By John Humphrey
Food is once more in the news in the European Union. This time it is about a variety of food products containing horsemeat when they are meant to be beef. The same scandal has led to the identification of DNA from other animals in supposedly beef products. These events highlight, once again, the complexity of food chains within the European Union, the difficulties in maintaining control over complex food production systems, and the ways in which food from one point in the food chain spills out to many products sold in many countries.
So far, this crisis has been identified predominantly as a labelling issue. Consumers think they are buying and eating beef, but it is actually horsemeat. Concerns about food safety have been mostly limited to the possibility that the horsemeat might contain residues of a veterinary drug that can be harmful to human health. However, there is a more fundamental food safety problem here. If the factories producing horsemeat burgers and horsemeat lasagne don't even know what kind of meat they are using, then they should not have very much confidence about the information they received on where the meat came from and the conditions under which it was processed. This information is basic for the food safety system. Even if the meat in these products was genuine beef, the safety of the system would depend upon accurate knowledge of the animals' origins, the safety of the abattoirs in which they were slaughtered, etc. It has to be assumed that no reliable information on these issues is available.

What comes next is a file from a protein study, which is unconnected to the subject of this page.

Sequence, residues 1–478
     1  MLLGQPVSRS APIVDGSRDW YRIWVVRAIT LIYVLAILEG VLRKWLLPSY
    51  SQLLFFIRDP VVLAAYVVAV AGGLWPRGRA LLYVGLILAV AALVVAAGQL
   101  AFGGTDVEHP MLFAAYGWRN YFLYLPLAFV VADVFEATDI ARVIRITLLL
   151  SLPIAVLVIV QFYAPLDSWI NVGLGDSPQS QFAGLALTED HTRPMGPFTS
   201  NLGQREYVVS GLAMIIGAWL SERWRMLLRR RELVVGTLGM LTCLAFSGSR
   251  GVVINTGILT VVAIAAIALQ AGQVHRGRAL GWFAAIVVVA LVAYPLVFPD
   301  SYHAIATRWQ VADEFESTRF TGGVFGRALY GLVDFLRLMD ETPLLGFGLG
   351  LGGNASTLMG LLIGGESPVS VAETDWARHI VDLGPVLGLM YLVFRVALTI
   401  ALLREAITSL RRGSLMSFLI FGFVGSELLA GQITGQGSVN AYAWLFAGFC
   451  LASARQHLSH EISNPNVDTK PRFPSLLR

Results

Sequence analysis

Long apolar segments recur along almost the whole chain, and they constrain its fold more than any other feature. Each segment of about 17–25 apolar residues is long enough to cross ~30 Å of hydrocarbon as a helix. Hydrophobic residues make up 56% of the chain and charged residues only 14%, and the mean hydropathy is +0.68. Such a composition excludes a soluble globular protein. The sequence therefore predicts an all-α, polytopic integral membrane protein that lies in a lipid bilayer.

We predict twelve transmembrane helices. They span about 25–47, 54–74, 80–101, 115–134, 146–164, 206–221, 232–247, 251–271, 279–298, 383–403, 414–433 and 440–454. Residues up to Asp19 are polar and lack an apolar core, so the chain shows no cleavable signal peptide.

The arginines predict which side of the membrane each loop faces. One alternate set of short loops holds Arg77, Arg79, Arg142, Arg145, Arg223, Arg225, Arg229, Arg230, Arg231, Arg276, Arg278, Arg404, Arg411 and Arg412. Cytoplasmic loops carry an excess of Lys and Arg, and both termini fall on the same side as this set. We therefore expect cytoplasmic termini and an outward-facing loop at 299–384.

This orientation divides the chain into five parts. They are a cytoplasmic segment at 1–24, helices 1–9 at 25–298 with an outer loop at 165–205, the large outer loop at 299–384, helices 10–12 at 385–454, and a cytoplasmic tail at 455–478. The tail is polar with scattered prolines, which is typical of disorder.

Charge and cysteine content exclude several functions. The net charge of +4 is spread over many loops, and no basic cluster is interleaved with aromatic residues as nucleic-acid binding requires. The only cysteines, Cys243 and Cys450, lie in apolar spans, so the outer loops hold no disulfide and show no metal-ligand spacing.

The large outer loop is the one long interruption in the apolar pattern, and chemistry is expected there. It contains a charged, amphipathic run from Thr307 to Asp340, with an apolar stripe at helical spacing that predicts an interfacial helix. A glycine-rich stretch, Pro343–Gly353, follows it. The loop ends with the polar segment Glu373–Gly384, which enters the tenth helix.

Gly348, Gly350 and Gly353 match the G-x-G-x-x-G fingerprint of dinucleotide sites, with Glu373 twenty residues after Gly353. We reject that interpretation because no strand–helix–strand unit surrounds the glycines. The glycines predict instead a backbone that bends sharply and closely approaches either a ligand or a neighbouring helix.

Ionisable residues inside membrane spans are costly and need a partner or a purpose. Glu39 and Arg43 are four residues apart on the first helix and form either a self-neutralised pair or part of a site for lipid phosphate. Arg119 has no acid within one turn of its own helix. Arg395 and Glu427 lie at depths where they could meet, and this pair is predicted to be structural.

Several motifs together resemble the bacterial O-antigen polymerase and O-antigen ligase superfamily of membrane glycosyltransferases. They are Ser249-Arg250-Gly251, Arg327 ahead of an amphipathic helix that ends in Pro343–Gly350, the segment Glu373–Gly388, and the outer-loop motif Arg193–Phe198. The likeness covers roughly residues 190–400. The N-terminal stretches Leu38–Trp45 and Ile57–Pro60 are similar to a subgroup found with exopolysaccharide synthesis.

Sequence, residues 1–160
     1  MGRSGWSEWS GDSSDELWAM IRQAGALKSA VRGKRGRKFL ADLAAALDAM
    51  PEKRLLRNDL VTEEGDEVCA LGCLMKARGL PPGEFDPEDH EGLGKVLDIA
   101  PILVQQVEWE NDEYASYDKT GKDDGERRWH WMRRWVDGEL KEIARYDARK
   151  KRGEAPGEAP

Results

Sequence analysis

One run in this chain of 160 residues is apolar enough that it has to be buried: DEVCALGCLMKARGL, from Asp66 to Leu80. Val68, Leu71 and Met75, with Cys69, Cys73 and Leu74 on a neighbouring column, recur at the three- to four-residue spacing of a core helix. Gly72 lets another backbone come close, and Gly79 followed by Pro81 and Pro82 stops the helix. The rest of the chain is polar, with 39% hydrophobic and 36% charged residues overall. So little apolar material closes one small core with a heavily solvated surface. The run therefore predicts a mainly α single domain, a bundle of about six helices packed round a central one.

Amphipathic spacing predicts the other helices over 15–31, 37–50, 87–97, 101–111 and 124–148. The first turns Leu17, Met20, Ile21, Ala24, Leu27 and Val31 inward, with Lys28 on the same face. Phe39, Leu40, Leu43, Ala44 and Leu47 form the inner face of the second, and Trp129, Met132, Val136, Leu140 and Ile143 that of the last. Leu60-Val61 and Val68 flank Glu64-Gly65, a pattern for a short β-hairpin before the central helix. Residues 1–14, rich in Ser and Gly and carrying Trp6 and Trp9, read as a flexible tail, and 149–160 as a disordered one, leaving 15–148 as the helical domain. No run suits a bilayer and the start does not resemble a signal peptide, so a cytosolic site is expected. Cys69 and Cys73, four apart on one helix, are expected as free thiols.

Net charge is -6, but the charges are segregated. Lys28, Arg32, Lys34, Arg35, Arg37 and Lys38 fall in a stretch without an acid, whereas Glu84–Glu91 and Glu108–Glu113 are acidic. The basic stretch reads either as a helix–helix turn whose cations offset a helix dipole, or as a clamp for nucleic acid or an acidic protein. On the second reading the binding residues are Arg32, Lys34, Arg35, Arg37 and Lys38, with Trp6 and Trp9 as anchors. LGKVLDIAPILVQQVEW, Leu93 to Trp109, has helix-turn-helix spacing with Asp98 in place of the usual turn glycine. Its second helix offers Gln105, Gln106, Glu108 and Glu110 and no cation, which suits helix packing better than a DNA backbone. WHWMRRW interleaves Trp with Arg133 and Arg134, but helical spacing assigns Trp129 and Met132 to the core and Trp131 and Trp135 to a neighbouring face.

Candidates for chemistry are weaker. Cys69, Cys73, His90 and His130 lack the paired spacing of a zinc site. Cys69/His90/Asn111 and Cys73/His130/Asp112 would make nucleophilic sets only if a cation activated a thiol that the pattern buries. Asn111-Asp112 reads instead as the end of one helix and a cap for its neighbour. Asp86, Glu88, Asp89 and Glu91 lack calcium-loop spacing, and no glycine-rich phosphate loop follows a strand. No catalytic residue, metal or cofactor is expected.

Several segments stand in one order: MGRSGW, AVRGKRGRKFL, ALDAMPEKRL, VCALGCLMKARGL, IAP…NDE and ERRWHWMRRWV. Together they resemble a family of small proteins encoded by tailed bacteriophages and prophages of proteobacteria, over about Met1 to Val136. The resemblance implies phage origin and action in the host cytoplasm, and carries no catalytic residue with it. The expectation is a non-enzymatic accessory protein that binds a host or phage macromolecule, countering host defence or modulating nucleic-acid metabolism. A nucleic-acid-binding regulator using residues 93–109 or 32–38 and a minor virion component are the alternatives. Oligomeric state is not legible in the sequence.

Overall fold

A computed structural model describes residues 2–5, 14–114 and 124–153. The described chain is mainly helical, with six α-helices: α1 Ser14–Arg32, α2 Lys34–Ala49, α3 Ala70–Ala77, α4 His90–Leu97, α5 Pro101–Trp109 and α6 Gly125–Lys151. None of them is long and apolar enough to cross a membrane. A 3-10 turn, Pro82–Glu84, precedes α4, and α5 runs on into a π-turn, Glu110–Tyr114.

This food scare might appear to be just a problem to the European Union. But in the past the response of developed country food safety authorities to food safety scares and resulting falls in consumer confidence has been to tighten up on food safety. This was seen in the European Union after the BSE (‘mad cow’) epidemic in the 1990s, and it has been evident more recently in the United States with the passing of the FDA Food Safety Modernization Act in 2011. In both cases, new food safety legislation aimed predominantly at addressing domestic food safety problems has had substantial impacts on exports from developing countries to these markets (for an analysis of the impact of the Food Safety Modernization Act, see ‘Food Safety, Private Standards, Schemes and Trade: The Implications of the FDA Food Safety Modernization Act’.
In the case of horsemeat, the impact of any new legislation or any tightening up of controls in the European Union is likely to impact a relatively small number of developing countries. Trade in meat is already highly restricted because of concerns about human and animal health. But the next food safety scare might have broader ramifications.